I shutter at the thought of children having to participate in these dehumanizing efforts during their formative years. I started thinking about this after a mother of a very young child relayed how unsettled her youngster became after masks began to be used regularly and her son could no longer read the facial expressions of others.
Children are not among the high-risk demographics for COVID-19. Certainly, there is the possibility of a child potentially carrying the virus home and spreading it to a more at-risk demographic, but is that alone reason enough to employ social distancing and universal masking, with all their detrimental psychological impacts, among children in their formative years in a school setting? While the concern seems to be over the immediate threat of a virus, we as a society need to consider what long-term psychological impacts this will have on children.
And practically speaking, how on earth does anyone think this will work? How many children will actually wear a mask properly, not fiddle with it constantly, and not inadvertently touch their face while doing so? Does your school even have enough room to perpetually maintain six feet of distance between each student? What happens when the first child tests positive for COVID-19? Will the entire class, including the teacher, be quarantined? What about the busses? Who's going to pay for the extensive disinfection which will surely be demanded after a single child in a large school tests positive?
My own experience with being contact traced and self-quarantining, despite my personal opinion that I was never in any danger, led to a witch hunt and misplaced popular outrage. We followed and exceeded all the CDC and Department of Health guidelines and recommendations, yet we were still pilloried. I am still called a liar, and presumed to have knowingly spread COVID-19 to my colleagues in Harrisburg, even though I was not the person who tested positive. I cannot imagine how that effect will be multiplied when parents learn that COVID-19 has been discovered in their child's school.
I am even more disturbed when I see parents and others discussing how they might "condition" their children to accept being masked and abiding by these new "rules" of human engagement. To cover a child's mouth and nose, to employ stuffed animals to normalize it, and to suggest using gum or candy to mollify a more difficult child just strike me as creepy and wrong. To generally instill the notion in children that human contact is dangerous strikes me as psychologically damaging to their maturation.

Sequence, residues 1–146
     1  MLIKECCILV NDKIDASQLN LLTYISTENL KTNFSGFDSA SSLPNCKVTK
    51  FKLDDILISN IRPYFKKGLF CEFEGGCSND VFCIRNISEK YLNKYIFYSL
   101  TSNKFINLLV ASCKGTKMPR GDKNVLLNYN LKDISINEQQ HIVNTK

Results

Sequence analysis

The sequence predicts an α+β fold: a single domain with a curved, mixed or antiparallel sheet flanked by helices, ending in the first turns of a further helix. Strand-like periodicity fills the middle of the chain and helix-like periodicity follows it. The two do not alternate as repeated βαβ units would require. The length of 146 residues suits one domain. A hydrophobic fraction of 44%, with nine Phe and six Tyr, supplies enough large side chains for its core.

I recently tweeted a meme which generated a bit of outrage. I tweeted it intentionally to someone who already dislikes me because I knew he would distribute it to try to get others to dislike me. But here's the thing – by distributing it he served exactly the purpose I wanted him to serve. A lot more people have seen the meme. Despite all the vile and vicious comments I'm receiving regarding that meme, I know most parents who've seen it are now privately considering its proposition and weighing it against their parental instincts and loyalties to the political figures pushing these edicts. Thanks dude - at least you were useful for something. I think.
In a world already heavily divided by politics, and now by racial division as well, the last things we need are mitigation efforts which serve to diminish our abilities to communicate and interact as normal human beings. This is especially true when those mitigation efforts were predicated on extremely overstated COVID-19 predictions to begin with.
To subject or condition children to these mitigation efforts during their formative years is doubly cruel and inhumane. We may not see the negative impacts immediately, but we will certainly witness them in the future. One only needs to look to social media to see how cruel and inhumane some adults have already become.
My objections to these efforts and edicts are not political. I just know they are wrong and will be more detrimental to our society than any virus could be. I can feel it in my gut.